One of the last true glamorous Hollywood legends passed away on last Wednesday at the age of 79. Elizabeth Taylor was an actress whose tumultuous private life—she was married eight times to seven different husbands—ensured her constant coverage in the tabloids even after her theatrical film appearances all but stopped in the mid-1970s. Looking back at the films she made, however, it is clear that her sheer magnetism and charisma made an indelible mark on American movies. Here are the Top 10 Elizabeth Taylor Performances.
Taylor broke two records when she appeared in this overly long and stagey epic production that as started in 1960 and not completed and released for three more years. She became the highest-paid actress ever, with a contract for $1 million to play the title character. She also went down in the Guinness Book of World Records for the most costume changes in a film, with 65. This is also the movie she met Richard Burton on, and their affair was one reason the film received so much negative publicity. The other was its ever-ballooning budget, which finally topped out at a whopping $44 million. Taylor is as melodramatic as the 246-minute movie itself, but boy does she ever look fantastic.
This Civil War-era epic pairs Taylor again with Montgomery Clift (see #2), except this time for the kind of opulent grandeur one would expect in a Technicolor drama. It’s pretty standard “Gone With the Wind”-type stuff, but Taylor is riveting as a Southern belle who seems to have inherited a touch of madness. Well, maybe that’s a little too subtle a description for the kind of loud histrionics she goes through in “Raintree County.” From depression to insanity to tragedy? Hell yes, she earned her first Oscar nod for this movie.
Taylor co-starred with her Eddie Fisher in this sordid drama where she plays a hooker who steals Laurence Harvey away from his wife. Ironically, she had broken up Fisher’s marriage to Debbie Reynolds at the time, so life was imitating art and the tabloids pounced. Forced to make the movie through a contract with MGM (so she could film “Cleopatra” for Fox), Taylor always professed hate for “Butterfield 8” (calling it “Butterball 4” to her friends), even though the role helped her win her first Best Actress Oscar—after four consecutive years of being nominated. Even after the film ended up being a hit, she said of it: “I still say it stinks.” Still, the film showcased her talent for playing tragic characters.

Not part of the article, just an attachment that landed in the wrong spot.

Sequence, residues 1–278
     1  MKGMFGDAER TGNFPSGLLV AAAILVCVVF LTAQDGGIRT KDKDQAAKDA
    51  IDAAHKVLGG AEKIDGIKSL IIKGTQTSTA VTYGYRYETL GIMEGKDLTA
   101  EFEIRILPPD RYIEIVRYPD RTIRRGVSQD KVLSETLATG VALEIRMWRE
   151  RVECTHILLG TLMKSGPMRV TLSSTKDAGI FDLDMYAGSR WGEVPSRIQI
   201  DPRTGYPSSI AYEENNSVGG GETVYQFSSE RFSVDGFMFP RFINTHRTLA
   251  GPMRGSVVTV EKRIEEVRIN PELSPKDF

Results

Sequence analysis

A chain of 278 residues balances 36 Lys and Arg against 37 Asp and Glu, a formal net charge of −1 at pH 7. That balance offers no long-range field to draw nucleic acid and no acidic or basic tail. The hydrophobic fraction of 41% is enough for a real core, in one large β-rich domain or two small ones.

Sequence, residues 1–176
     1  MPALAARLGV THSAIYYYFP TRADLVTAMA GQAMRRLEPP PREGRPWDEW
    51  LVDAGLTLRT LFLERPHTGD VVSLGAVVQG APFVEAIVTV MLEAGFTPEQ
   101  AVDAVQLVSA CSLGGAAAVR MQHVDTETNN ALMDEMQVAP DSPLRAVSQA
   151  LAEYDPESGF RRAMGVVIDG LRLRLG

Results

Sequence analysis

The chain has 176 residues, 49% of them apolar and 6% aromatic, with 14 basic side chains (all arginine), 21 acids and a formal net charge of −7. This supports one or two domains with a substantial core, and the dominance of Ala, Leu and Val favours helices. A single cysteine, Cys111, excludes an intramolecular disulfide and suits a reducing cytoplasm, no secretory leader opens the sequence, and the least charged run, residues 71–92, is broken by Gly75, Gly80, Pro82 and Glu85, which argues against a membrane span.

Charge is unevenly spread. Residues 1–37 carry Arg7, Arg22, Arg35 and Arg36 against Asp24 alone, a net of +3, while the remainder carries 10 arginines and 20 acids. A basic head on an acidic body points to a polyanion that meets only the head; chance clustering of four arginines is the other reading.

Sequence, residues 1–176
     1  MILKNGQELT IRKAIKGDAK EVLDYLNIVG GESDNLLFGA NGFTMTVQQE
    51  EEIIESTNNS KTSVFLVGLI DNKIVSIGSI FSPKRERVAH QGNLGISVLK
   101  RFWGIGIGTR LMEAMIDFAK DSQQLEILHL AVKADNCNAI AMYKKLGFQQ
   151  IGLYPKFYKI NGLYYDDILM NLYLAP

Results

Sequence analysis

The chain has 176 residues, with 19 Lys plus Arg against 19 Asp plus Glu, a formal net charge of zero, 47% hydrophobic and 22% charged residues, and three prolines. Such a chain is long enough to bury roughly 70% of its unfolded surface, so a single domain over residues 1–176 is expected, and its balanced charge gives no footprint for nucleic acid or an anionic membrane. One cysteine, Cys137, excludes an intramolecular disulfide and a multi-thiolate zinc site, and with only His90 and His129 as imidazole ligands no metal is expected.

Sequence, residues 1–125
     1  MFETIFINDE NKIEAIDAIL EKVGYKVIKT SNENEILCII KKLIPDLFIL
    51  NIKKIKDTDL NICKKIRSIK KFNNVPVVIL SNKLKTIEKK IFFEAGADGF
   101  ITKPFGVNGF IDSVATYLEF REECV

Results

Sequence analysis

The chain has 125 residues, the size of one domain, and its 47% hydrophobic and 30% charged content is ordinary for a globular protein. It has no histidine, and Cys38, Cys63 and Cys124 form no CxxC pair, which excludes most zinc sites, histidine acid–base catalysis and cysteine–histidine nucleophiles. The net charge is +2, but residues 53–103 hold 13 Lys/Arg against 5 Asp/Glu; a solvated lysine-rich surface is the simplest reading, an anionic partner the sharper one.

Cast as Spencer Tracy’s little girl who’s about to get married in this Vincente Minnelli-directed film, the 17-year old Taylor is positively radiant. If anyone had any doubt that the child actor previously known for starring in movies with horses and dogs would be able to transition to adult roles, those thoughts were erased when this big-hearted comedy was released. Everything goes wrong that could, and it’s essentially Tracy’s movie, but Taylor is warm and charming, providing the heart of the movie. Yes, this is the film that would be later remade with Steve Martin. Don’t let that sour you on this one.
Another epic, this one directed by George Stevens, “Giant” is now primarily known as James Dean’s last movie. Taylor turns in a strong performance, however, as the sympathetic wife of a rich Texas rancher (Rock Hudson). Throughout the film’s three-hour-and-seventeen-minute running time, she undergoes a lifetime of changes in character. It may be Dean, Hudson, and co-star Mercedes McCambridge who were all nominated for Oscars, but it’s Taylor who holds down the fort. It wasn’t until her more showy Southern belle role the following year (see #9) that she would earn her first, perhaps partially due to her snub here.